Windlass specification issues

Discussion in 'Boat Design' started by MikeJohns, May 25, 2006.

  1. MikeJohns
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    MikeJohns Senior Member

    What do others do when it comes to the design of the anchoring system?

    Having just tried to specify 3 choices of windlass to the builder (for a 50 foot 25 tonne vessel ) I am surprised at the poor responses to specific engineering questions from the manufacturers. For example output Torque and shaft diameter are not available data .

    All they will give us is chain speed, recommended working load, and motor power rating. I think they worry that we will calculate something and find their machine lacking..........I would like to know the factor of safety which I suspect is very close to 1.

    Requests for technical info seem to go directly to marketing who simply email you the pretty charts showing models and recommended boat sizes.

    From experience there are models that proved to be idiot-proof and others that bent shafts and fractured bearings at the slightest provocation, problem is that that many current models are new on the market and I'd like to specify something I trusted.
     
  2. marshmat
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    marshmat Senior Member

    Usually when I come across a company that passes technical requests off to marketing, I'll reply with something like "look, I want these numbers and I know what they mean, and if you aren't willing to provide them, that's a pretty good indicator that you're selling a piece of crap". Makes it a bit more difficult when the whole industry does it though. A windlass maker should have these data- and if they don't have it at all (as opposed to just being unwilling to provide it), they're probably just slapping pretty housings on crappy motors.
     
  3. MikeJohns
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    MikeJohns Senior Member

    Matt
    unfortunately the days of overengineered life-time products seems to have passed by. The approach these days seems to be make it "just" strong enough and don't give em enough information so they can say our product was deficient. Most Windlasses are expensive enough too.

    Cheers
     
  4. marshmat
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    marshmat Senior Member

    Sadly, this seems to be the case in a lot of fields. If it wears out after a few years, you'll buy another one, the economy keeps rolling. Whatever happened to "durable goods"?.....
     
  5. Willallison
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    Willallison Senior Member


    It's also a little difficult to do this if the manufacturer is just down the road and you want to kepp good relations with them.... ;)
     
  6. FAST FRED
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    Location: Conn in summers , Ortona FL in winter , with big d

    FAST FRED Senior Member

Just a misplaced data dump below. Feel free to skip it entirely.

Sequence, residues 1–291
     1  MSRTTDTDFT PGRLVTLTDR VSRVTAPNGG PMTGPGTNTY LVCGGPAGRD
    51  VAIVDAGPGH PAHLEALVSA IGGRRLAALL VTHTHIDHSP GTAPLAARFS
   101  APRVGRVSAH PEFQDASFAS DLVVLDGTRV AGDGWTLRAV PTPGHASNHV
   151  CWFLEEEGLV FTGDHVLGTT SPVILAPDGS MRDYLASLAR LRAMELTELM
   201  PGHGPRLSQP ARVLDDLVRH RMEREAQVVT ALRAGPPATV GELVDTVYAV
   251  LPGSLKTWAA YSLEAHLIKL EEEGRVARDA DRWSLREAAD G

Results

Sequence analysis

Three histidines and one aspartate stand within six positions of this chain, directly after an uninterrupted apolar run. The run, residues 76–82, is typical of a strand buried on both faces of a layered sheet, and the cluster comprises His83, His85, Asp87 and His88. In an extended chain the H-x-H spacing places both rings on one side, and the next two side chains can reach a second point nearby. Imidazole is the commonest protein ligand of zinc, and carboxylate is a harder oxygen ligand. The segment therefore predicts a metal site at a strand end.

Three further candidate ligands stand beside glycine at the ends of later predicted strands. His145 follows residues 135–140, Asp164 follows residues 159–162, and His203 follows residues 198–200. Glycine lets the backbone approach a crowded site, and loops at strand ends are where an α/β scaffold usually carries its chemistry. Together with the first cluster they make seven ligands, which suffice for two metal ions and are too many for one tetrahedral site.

From what I have installed the Hydraulic are 1000% better than any brand of electric.

    Yes, I know a complete Hyd system is an extra layer of complexity , but if used for steering , auto pilot ,bow thruster , windlass and small boat handeling it pays in the long run.

    Lighthouse makes high quality Hyd stiuff that looks like eye candy!

    And is Pri$ed accordingly,but you only get what you pay for,

    FAST FRED
     
  7. Tim B
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    Tim B Senior Member

    you could always walk into their offices and refuse to leave until they've told you the numbers you want.... that usually works.

    Tim B.
     
  8. MikeJohns
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    MikeJohns Senior Member

    Tim I tried that once

    I stood in the office for 10 minutes playing with the sample machines before a harrassed secretary appeared and took my questions back into the factory .......to be told that the engineer who designed a particualr bit of production gear had gone so no-one could help until the replacement guy got copies of all the drawings back from the various fabricators. ....:rolleyes:


    Fred
    I agree hydraulic is far more reliable in the long run and I wouldn't specify anything else for a work boat, trouble is owners have their own ideas too and there is a prejudice with yachties against hydraulics as messy and complicated. Many yachts do not have the space for much extra gear belted of the engine either.

    Cheers
     
  9. FAST FRED
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    FAST FRED Senior Member

    "(for a 50 foot 25 tonne vessel ) "

    Hard to believe there is no room for a belted hyd pump.

    As a builder of course you're stuck with the misconceptions and fantastically dumb ideas of the "owners".

    But there is always a chance you can 'splain them enough to make a better choice.

    But then I'm an Optomist.

    Was at City Island NY ,where a fine steel cutter 60 ft "Dolphjn", had finished SECOND circumnavigation with only hubby & wife crew, was being assulted by new "owner" who was "going to make it a cruising boat".